When implanted in the human body, this combination of metals poses serious problems, patients argue, as particles of toxic metal are worn away from the implant and enter the body’s soft tissues. Many plaintiffs have developed metallosis, a condition prior to metal poisoning. More acutely, the Birmingham Hip Resurfacing implant appears to fail prematurely, lawsuits claim, which is why many patients have undergone revision surgeries shortly after going in for their first replacement procedure.
In short, these two growing litigations have taken the form of a Multi-District Litigation, or MDL. This is a common step when multiple plaintiffs file very similar lawsuits in federal courts, but their cases are scattered across the country. To make things more efficient, the Judicial Panel on Multi-District Litigation can transfer all of the claims to a central court.
MDL means that plaintiffs can band together to pursue their cases, but unlike a class action, no one loses control over the fundamental decisions that will affect their lawsuit. Meanwhile, the case’s defendant can focus all of their defense efforts in a single jurisdiction, rather than having to spread their defense attorneys nationwide.
MDL proceedings focus on discovery, the phase in any lawsuit when plaintiffs and defendants exchange information and evidence. Injured patients, for example, could ask the defendant to release early clinical trial results or internal corporate communications. And defendants could ask each plaintiff to submit their personal medical records.
Discovery happens in every legal proceeding, but where Multi-District Litigation is concerned, remember that many of the factual allegations against Stryker are shared by each and every plaintiff’s case. In attempting to substantiate those allegations, patients and their attorneys will need to demand evidence from Stryker and its parent corporation, Johnson & Johnson. But instead of submitting their requests for documentation or witness testimony individually, the plaintiffs as a group can make specific demands together.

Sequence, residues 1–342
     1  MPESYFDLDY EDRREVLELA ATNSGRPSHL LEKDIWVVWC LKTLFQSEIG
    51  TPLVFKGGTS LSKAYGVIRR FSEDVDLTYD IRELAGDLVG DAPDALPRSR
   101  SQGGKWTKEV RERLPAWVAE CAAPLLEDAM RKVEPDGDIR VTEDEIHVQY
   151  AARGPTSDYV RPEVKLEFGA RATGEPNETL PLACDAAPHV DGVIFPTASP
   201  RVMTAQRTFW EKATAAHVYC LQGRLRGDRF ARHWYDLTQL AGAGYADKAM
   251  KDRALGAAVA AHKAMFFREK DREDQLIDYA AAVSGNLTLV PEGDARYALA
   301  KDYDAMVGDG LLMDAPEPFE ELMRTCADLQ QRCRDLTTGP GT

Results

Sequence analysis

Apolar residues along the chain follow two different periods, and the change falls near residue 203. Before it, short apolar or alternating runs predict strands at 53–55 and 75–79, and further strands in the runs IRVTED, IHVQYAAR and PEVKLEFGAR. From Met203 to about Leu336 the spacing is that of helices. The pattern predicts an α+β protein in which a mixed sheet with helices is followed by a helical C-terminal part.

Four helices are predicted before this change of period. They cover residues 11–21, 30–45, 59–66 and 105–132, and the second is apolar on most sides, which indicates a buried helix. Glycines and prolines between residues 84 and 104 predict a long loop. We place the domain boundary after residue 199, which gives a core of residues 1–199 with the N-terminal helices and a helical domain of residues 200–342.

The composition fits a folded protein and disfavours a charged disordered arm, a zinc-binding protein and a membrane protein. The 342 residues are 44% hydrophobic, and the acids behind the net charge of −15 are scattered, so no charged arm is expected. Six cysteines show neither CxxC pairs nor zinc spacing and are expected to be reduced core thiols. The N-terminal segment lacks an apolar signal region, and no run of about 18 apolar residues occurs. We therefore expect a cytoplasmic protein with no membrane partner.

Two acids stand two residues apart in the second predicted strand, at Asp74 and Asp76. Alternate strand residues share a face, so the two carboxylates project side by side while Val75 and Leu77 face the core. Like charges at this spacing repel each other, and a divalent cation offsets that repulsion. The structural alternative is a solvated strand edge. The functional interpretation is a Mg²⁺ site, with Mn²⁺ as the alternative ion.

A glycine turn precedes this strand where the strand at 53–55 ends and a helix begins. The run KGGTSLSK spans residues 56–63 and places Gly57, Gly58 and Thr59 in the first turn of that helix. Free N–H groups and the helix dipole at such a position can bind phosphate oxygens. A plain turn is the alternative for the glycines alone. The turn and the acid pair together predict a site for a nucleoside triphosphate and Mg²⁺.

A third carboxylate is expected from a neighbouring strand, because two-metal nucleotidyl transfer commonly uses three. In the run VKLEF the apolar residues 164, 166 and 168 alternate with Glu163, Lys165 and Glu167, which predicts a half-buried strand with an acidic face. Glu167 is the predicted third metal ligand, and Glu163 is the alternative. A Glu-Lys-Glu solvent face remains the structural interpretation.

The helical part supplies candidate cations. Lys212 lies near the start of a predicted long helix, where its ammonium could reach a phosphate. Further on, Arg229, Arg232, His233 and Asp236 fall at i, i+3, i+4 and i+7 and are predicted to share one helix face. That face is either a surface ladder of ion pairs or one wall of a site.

A group of plaintiffs’ attorneys, appointed by Judge Talwani, are guiding this discovery process, but doing so for the benefit of every plaintiff. So what happens when these pre-trial proceedings have been completed? Very simply, the lawsuits are ready for trial. Now, in theory, each lawsuit can be transferred back to its original court for trial. That’s not usually what happens.
More common is that the MDL judge, having deemed the cases ready, will schedule a few “bellwether” trials. MDL is designed to encourage settlement, rather than protracted and costly trial proceedings. But no defendant would choose to settle all of the cases at once unless they had some reason to believe that the alternative, taking each case to trial, would be somewhat worse. And defendants can only learn that (or learn the opposite) by fighting the case through a real trial.
Bellwether trials, then, are more than just trials in which several plaintiffs’ cases are heard before an actual jury. They’re also a tool used in settlement negotiations. A defendant that loses several bellwether trials will probably be more amenable to the idea of a global settlement, in which all of the cases are resolved. A company, on the other hand, that wins a series of bellwether trials will just be more convinced that the facts and legal arguments are on their side.